Drive Student Learning with Inquiry Projects

TCI’s Social Studies Alive! program for elementary classrooms fosters curiosity with student-driven Inquiry Projects. Each unit in the program features a grade-appropriate Inquiry Project, where students explore a compelling question about social studies, conduct research, and write an evidence-based argument.

Let’s walk through the steps of a TCI Inquiry Project.

1. Gathering Visual Evidence

The Inquiry Project captures students’ attention with an engaging video that asks students to analyze rich images. Students may examine a modern-day photograph of a St. Patrick’s Day celebration and make connections to how Irish immigrants settled in the United States in the 1800s. They may watch a video of a port-side city and observe how geography affects the community.

As students analyze the images, they answer questions that help them make connections to broader concepts in the unit. Watch this sample video from Social Studies Alive! Our Community and Beyond.

2. Developing Compelling Questions

After gathering visual evidence, students are introduced to the unit’s storyline. Each unit has a different storyline—from creating a budget to solving a problem in the community. Students will take on the roles of historians, geographers, economists, and citizens.

Students are also introduced to the compelling question. Some examples include:

  • Why should you do the right thing even when no one is watching?
  • How did technology transform the United States?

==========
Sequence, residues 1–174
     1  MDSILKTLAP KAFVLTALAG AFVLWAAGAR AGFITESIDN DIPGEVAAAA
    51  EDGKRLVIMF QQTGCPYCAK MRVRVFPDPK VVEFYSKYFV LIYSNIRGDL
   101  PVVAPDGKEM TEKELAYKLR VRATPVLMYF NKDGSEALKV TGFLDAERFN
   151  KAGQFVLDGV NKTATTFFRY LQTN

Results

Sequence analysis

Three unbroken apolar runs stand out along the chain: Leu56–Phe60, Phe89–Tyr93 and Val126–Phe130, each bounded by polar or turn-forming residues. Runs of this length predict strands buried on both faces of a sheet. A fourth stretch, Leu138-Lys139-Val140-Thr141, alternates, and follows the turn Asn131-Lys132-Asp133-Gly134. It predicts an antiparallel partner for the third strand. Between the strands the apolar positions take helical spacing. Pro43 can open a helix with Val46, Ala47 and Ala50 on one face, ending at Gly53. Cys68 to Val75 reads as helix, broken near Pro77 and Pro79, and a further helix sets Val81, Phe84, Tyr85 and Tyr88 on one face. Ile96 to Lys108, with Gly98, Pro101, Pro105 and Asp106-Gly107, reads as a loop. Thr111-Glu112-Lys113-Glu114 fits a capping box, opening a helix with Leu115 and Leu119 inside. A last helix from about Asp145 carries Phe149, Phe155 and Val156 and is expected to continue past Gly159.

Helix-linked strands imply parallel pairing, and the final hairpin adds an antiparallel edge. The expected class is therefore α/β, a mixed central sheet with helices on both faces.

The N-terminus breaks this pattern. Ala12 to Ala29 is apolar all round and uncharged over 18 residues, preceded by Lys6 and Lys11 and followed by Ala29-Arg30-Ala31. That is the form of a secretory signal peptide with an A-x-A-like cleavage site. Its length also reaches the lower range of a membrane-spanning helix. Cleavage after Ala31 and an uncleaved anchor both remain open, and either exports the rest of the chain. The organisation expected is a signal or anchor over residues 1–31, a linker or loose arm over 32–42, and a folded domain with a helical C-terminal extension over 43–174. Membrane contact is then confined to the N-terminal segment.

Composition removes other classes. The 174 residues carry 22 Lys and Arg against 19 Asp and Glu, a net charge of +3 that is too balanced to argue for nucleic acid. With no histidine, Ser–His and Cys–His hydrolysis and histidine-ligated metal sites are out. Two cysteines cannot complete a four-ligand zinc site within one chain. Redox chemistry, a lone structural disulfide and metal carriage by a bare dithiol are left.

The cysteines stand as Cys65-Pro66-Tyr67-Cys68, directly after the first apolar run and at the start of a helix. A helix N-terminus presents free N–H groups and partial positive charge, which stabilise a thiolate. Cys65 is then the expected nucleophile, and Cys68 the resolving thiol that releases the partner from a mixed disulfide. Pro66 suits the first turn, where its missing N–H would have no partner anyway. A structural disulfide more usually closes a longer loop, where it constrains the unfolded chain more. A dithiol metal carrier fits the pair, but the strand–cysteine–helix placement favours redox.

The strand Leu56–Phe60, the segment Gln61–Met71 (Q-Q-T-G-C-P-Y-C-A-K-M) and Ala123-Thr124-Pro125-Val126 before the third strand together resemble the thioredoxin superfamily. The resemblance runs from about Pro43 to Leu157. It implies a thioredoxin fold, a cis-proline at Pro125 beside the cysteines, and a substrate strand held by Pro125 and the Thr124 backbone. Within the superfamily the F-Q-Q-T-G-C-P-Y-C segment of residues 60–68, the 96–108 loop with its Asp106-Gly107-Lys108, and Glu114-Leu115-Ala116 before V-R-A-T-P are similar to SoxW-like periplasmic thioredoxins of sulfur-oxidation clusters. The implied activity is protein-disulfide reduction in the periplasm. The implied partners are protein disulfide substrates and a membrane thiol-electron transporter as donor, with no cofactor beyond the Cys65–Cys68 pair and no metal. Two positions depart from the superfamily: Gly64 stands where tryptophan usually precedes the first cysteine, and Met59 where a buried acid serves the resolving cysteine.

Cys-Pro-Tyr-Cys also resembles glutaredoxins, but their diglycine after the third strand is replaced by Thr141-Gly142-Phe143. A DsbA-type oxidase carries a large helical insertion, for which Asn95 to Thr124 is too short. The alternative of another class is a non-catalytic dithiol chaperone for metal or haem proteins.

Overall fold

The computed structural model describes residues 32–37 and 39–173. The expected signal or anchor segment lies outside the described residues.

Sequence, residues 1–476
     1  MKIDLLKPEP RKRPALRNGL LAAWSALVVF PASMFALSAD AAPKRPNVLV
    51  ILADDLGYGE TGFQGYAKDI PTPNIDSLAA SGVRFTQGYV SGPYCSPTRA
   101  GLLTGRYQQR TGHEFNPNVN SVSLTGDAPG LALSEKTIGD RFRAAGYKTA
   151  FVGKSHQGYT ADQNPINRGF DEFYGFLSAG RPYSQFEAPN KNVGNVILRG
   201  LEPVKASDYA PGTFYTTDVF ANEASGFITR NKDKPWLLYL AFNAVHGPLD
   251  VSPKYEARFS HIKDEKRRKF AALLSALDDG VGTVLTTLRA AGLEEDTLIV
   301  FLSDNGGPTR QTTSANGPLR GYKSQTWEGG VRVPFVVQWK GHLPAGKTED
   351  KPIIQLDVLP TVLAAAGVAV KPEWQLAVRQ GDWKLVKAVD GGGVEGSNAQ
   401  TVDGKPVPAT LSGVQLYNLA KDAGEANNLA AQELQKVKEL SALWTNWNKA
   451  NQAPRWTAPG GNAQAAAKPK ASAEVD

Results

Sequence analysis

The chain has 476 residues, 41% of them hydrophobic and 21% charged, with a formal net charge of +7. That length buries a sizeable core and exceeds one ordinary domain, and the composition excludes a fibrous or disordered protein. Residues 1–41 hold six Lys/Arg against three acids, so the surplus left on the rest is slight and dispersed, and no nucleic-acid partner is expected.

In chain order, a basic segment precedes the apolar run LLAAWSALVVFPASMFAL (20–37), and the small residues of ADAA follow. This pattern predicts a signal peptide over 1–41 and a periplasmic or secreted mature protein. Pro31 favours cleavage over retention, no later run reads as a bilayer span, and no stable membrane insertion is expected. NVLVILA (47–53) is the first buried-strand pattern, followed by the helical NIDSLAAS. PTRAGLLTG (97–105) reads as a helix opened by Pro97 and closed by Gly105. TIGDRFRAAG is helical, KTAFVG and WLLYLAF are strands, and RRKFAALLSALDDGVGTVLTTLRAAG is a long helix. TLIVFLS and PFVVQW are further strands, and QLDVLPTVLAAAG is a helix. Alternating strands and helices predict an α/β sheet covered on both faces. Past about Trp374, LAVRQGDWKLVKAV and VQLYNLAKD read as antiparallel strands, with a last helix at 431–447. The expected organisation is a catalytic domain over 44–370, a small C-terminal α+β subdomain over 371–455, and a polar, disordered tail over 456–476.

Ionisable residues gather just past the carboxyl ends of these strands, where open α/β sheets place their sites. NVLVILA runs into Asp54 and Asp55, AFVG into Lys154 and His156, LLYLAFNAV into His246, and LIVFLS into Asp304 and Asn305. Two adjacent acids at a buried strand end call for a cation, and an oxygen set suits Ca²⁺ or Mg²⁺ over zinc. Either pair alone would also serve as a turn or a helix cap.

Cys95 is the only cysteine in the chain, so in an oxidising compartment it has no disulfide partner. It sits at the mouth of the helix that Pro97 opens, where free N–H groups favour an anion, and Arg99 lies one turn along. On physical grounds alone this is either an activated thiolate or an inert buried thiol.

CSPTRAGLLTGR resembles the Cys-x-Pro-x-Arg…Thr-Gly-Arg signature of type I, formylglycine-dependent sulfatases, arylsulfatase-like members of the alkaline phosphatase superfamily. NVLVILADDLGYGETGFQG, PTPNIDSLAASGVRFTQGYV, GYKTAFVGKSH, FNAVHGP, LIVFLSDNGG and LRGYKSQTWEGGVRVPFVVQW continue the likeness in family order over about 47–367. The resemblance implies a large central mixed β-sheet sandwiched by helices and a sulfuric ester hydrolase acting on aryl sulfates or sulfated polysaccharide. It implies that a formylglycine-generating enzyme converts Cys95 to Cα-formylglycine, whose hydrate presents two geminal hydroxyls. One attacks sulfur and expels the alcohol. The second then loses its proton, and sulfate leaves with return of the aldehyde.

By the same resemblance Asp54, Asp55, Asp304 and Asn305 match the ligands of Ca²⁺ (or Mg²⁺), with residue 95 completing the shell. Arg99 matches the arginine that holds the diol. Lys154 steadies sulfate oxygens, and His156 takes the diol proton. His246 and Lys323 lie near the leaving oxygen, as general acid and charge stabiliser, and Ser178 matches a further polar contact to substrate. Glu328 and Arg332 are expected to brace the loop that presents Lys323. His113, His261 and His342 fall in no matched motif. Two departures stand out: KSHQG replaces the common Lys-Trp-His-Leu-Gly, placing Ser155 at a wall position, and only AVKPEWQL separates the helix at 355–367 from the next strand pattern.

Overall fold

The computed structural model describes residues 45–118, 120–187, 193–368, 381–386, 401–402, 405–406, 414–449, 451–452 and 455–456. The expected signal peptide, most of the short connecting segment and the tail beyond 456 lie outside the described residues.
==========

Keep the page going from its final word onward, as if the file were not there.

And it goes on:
• How do history and culture shape your community?

They then ask their own questions about the unit’s storyline and compelling question.

3. Collecting Evidence

Throughout the unit, students collect evidence that helps them answer the compelling question. Students fill out a chart after each lesson to record what they learned. They come back to this chart throughout the unit.

4. Building Additional Content Knowledge

In this step, students practice gathering evidence and evaluating sources. Students conduct outside research about the unit’s compelling question. They may use readings from TCI’s Social Studies Stories collection to help them build additional content knowledge.

5. Constructing an Argument

Students take everything they have learned so far to develop an evidence-based argument. They first write a claim that answers the unit’s compelling question. Then, they identify evidence from their research that supports their claim.

6. Taking Informed Action

Finally, students have the opportunity to share what they learned with their classmates or adults in the community. They may create a poster, digital presentation, or video.

In addition to the Inquiry Projects, there are many opportunities to nurture student curiosity in TCI’s elementary school social studies program. From investigating primary sources to exploring multiple perspectives, the program’s rich resources will keep students asking questions and looking for answers.

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